[erlang-questions] VM & BEAM Specs : idea for improving the lists support

Denys Rtveliashvili <>
Sun Aug 5 13:09:25 CEST 2007


>> I join to this question.
>>
>> I was also looking for the specifications once as I had an idea how to
>> improve the performance of list operations by changing the underlying
>> implementation.
>>     
>
> It would be interesting to share your ideas about improving the
> performance of list operations. What improvements did you have in
> mind? If you have some good ideas
> that we have not thought about we might implement them.
>
> I am also curious about which list operation you don't find effiecient
> as it is today.
>
> /Kenneth (Erlang/OTP team at Ericsson)
Hi Kenneth,

As far as I understand, the underlying implementation of lists which is 
used in Erlang is based on linked lists. So, each list is a number of 
objects with a value (the n'th element of the list) or a reference to it 
plus a link to the next element (if it exists).

My understanding is that only a number of operations take O(1) time to 
complete. These are:
* Adding an element to the beginning of the list
* Taking the first element of the list or its remainder.

However, the following operations take O(n) time:
* Finding out the  length of the list
* Adding an element at the end of the list
* Taking the last element of the list or everything before it

As a result, one of the common patterns in Erlang is to construct a list 
by appending the elements from the beginning and then reversing the list.

The problems I see with the current implementation are:
- The computational complexity required to do certain list operations is 
O(n), not O(1)
- The linked list is not CPU cache - friendly. It can be dispersed in 
the memory, reducing the cache - hits and thus killing the performance.
- Each of the list items is a quite big object. It takes 64bits if I am 
not mistaken. So, if you'd like to store a list of, say, 16bit 
characters / ordinary Unicode strings it takes 4 times more memory.

------------------
I believe, the current implementation can be (theoretically) improved. 
Of course, you will never know the exact numbers until someone 
implements the ideas. And the main factor which stops me is that (as far 
as I understand) Erlang uses that 64bit objects for almost everything so 
the change will be enormous.

---  Idea #1:

"Use unrolled linked lists to improve the performance"

The unrolled linked lists 
(http://en.wikipedia.org/wiki/Unrolled_linked_list) should give a 
slightly better cache-hit ratio and consume less memory. Also, they will 
maintain strict O(1) time complexity for operations which are O(1) now.

---  Idea #2:

"Use resize-able vectors to store lists"

I guess this change would give even more benefits comparing to the Idea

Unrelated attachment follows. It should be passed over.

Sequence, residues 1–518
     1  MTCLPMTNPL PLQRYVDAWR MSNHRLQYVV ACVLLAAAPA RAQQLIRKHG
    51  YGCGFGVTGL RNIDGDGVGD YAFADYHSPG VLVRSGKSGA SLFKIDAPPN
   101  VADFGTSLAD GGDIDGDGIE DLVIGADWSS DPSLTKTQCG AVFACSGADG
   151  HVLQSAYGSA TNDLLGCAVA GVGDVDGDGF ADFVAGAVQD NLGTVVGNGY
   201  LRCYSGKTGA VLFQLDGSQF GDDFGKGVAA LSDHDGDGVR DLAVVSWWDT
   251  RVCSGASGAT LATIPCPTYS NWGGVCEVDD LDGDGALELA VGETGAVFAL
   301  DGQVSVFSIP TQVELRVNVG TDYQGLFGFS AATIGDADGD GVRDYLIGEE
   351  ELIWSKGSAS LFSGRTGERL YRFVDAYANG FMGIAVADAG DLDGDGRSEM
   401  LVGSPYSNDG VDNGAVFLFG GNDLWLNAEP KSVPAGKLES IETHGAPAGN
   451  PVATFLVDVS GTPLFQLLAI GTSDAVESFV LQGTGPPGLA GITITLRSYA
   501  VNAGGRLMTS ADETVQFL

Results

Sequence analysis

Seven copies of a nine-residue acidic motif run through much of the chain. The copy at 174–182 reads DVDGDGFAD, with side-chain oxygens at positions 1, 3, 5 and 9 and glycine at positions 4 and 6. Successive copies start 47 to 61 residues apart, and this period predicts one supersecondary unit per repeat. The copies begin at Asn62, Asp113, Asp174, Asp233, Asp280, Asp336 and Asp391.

#1. These are:
- The _amortized_ computational complexity is O(1) for 
adding/removing/taking a remainder no matter if it is done from the 
beginning or from the end of the list.
- It takes O(1) time to find out the size of the list.
- Cache-hits ratio is seriously improved as the list is located in a 
single chunk of memory.
- Much less work for a GC. However, I am not sure if it is an issue.

The drawback is that the time complexity is amortized. Again, it is not 
clear what is better: an amortized O(1) or strict O(1) and strict O(n). 
I'd prefer the amortized O(1).

A few words regarding the implementation:
If you take a look at Java LinkedList and ArrayList, the ArrayList is 
generally 3 times faster. It can be used as a reference to some extent. 
However, it does not allow O(1) adding/removing at the beginning of the 
list. So, instead of implementation of a list which can grow only in one 
direction, it is necessary to implement the one which can grow any way.
I am sure that you can also benefit from pureness or the functional 
approach in Erlang and from the fact that only one thread accesses the 
list all the time as you will not need to care about synchronization much.

--- Idea #3:

"Typed lists"

Both kinds of list implementations can benefit from knowing what type of 
data is going to be stored in them. It would lead to a decrease in the 
consumed space and improved performance.

It is possible to implement a "general" kind of list which can hold 
anything plus some specific implementations for storing 8bit and 16bit 
values.
If a value is appended to the list and it can not be (potentially) 
stored within it, the list changes its type. The operation will take 
O(N) time. However, it will benefit from the flat memory structure. The 
type checks are not necessary to implement in runtime. They can be made 
by analyzing the possible scenarios during the compile-time or during 
the loading of the module.
However, in most cases it will not be necessary to change the type of 
the list and lists of 8bit / 16bit values will do their job.
Also, you will not need to change the syntax of the programs as 
everything can be done on VM/OTP side.

The benefit is again in both performance and memory consumption.
Imagine that a program has consumes a large text document with English, 
Arabic and Russian characters. The current implementation will consume 4 
times more memory than an automatically-typed vector-based version. In 
case the document contains only ASCII characters, the memory consumption 
will drop 8 times.

---
With kind regards,
Denys Rtveliashvili



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